Monday, November 07, 2005

Coral and global catastrophes

Here's an elevator speech for this project:

Tropical corals reefs may be first entire ecosystem to be eliminated as a result of climate change, in combination with other factors. Is this alarmism? Half-truth? What – really – can and should be done? Reefs are vital to the lives hundreds of millions of people. Public understanding and awareness are at a very low level. A popular, accessible but serious publishing project, including a book, that reaches large numbers of people can help.

There is no shortage of people ready to doubt and discourage, or to say there will be little interest in this endeavour. Well, we’ll see.

Even if the threats to coral reefs are serious, how high should they rank on a list of global priorities?

The distinguished climatologist Hans Joachim ("John") Schellnhuber does not, for example, include them in his map of "Earth System Tipping Points" (see summary at Oops). I recently wrote to ask him why. He said:

"I fully agree with you that the tropical coral reefs are endangered by global warming and - very important - ocean acidification. The reason why I did not include them as an "Earth System Tipping Point" is the fact that there is no clear analysis available yet how their destruction would affect the planetary machinery as a whole (or how their decline would at least impact on a regional scale). It is obvious that there will be local effects like coastal destabilization.

If you have good arguments for expecting large-scale impacts, please let me know. My tipping points map is a living beast anyway that changes all the time because of pertinent input such as yours".

I answered that I did not know any good arguments for expecting large-scale impacts on the "planetary machinery as a whole", and sent John’s comments to Tom Goreau of the Global Coral Reef Alliance. Here are extracts from Tom’s response:

"I very much like John's mode of thinking and am delighted that this is reaching the popular press.

…the current generation of climate models appear to be missing the vast bulk of positive feedback mechanisms that MUST exist in the Earth climate system [and] whose existence is revealed by analysis of the long term empirical climate data (ice cores, deep sea cores, etc.) which is why I trust data far more than models. We all agree qualitatively that things will get worse much faster than models suggest, but we really don't know how high they will get and how long this will take, due to uncertainty about the actual rates.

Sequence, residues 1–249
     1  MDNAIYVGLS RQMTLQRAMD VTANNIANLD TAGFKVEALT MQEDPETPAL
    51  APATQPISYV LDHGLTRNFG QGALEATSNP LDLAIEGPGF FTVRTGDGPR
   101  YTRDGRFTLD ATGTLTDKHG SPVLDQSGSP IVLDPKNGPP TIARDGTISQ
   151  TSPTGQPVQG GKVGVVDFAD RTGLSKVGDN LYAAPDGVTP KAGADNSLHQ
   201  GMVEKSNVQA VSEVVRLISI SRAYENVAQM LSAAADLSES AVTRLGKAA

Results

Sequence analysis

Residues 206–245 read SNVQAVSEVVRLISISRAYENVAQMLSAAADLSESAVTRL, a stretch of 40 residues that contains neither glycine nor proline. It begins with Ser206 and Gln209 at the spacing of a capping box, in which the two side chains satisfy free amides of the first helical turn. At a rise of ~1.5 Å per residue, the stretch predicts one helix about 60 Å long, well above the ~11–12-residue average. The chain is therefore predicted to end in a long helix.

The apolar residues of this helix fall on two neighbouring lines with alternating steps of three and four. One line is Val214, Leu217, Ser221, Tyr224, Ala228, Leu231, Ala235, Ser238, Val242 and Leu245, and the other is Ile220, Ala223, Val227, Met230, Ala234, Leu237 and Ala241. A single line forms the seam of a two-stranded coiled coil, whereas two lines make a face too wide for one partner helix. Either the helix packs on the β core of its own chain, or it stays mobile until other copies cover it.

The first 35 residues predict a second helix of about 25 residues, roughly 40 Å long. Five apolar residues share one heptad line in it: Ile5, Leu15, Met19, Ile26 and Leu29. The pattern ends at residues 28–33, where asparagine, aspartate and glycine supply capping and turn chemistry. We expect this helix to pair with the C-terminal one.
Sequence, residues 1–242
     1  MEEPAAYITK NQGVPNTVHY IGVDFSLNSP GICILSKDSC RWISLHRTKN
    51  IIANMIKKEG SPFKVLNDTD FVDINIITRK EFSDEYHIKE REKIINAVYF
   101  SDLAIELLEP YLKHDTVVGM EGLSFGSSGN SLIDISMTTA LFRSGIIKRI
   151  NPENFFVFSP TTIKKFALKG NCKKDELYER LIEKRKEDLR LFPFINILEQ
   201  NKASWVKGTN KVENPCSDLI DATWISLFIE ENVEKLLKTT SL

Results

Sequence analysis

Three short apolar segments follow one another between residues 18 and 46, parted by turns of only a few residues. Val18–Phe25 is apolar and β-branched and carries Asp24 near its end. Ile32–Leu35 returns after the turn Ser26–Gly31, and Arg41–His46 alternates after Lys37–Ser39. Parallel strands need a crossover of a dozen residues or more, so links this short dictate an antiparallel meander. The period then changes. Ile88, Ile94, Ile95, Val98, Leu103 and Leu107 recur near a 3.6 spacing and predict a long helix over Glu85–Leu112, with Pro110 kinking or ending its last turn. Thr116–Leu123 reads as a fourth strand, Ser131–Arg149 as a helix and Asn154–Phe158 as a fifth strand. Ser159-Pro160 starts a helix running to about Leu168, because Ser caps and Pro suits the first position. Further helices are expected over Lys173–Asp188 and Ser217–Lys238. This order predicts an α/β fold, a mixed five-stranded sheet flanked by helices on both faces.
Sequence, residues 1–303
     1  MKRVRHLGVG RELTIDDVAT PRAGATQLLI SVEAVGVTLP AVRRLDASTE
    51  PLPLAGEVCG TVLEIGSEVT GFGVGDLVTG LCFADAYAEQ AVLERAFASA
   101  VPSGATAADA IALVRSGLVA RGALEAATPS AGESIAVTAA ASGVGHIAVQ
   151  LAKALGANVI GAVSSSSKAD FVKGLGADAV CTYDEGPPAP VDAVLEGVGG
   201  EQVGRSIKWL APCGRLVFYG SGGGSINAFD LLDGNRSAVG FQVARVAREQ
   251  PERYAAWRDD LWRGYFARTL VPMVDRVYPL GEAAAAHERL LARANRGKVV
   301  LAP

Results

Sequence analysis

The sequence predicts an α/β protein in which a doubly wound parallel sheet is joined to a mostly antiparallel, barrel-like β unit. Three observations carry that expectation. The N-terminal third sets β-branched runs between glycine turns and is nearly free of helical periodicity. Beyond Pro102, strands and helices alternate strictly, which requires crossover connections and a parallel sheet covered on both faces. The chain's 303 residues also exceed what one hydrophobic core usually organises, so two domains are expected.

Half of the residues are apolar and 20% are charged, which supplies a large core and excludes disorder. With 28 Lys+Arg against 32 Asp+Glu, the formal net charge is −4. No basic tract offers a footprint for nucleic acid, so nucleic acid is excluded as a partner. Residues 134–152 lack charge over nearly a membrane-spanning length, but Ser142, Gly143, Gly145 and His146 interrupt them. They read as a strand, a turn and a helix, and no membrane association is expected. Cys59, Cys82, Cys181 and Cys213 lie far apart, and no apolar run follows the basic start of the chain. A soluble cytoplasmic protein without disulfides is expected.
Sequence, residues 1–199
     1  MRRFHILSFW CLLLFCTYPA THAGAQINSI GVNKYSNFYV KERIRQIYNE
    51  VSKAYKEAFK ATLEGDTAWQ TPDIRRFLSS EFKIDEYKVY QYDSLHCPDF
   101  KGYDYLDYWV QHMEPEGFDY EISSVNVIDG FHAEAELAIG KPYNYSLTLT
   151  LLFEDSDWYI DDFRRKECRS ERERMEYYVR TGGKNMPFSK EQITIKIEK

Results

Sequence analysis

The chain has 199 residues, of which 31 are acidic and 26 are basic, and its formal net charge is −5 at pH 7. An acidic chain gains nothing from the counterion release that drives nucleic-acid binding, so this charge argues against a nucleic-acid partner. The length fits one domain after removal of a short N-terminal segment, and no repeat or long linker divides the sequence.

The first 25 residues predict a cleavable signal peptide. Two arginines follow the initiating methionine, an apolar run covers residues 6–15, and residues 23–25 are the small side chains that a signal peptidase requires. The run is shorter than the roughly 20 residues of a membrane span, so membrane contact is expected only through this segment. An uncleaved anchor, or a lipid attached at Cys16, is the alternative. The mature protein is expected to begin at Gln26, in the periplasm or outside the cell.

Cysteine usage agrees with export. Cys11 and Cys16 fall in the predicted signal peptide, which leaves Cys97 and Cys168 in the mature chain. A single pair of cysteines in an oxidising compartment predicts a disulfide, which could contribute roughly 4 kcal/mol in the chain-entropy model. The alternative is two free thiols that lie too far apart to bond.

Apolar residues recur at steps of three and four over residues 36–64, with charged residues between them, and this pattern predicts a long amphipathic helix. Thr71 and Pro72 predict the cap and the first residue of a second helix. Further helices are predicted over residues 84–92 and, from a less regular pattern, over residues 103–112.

…For example our global coral reef [sea surface temperature] database shows that there are already important changes in ocean circulation taking place in every part of the ocean. These have profound effects on climate change, but are not included in the models. We are seeing an increase in the flow of heat in the Gulf Stream and Kuroshio systems, and big increase in the Antarctic circumpolar current, for example, two of [John’s] key areas. The Amazon is in fact changing faster than recognized, witness the unprecedented drought now underway. Most Caribbean corals are now dying of high temperature.

…While I agree with [Caspar] that coral reefs should be listed in ALL global compendia of major tipping points because it is the richest ecosystem in the sea and the first which will be effectively destroyed by global warming with devastating environmental and economic consequences to over 100 countries from loss of biodiversity, fisheries, shore protection, tourism, etc.

[But] John is right that this does not trigger global environmental changes. Coral reefs account for half of the limestone burial in the sea, and although many naively think this is a CO2 sink, it is in fact the major natural net source of CO2 to the atmosphere...the net amount of CO2 added to the atmosphere by coral reef growth is 50 times LESS than we put in from fossil fuels, which gives you an idea how anthropogenic effects have overwhelmed natural processes. The bottom line is that loss of coral reefs will be a catastrophe for almost all tropical marine countries, but it does not in itself trigger various global climate feedbacks. That is to say this is a major tipping point RESPONSE, rather than being a DRIVER of future changes".

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